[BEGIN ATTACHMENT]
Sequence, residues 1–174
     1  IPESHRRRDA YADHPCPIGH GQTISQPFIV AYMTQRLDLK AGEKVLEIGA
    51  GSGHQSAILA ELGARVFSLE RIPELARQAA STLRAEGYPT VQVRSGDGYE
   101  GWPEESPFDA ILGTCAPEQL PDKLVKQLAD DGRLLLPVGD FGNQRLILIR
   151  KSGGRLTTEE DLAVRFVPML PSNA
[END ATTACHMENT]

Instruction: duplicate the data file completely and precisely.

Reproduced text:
Sequence, residues 1–174
     1  IPESHRRRDA YADHPCPIGH GQTISQPFIV AYMTQRLDLK AGEKVLEIGA
    51  GSGHQSAILA ELGARVFSLE RIPELARQAA STLRAEGYPT VQVRSGDGYE
   101  GWPEESPFDA ILGTCAPEQL PDKLVKQLAD DGRLLLPVGD FGNQRLILIR
   151  KSGGRLTTEE DLAVRFVPML PSNA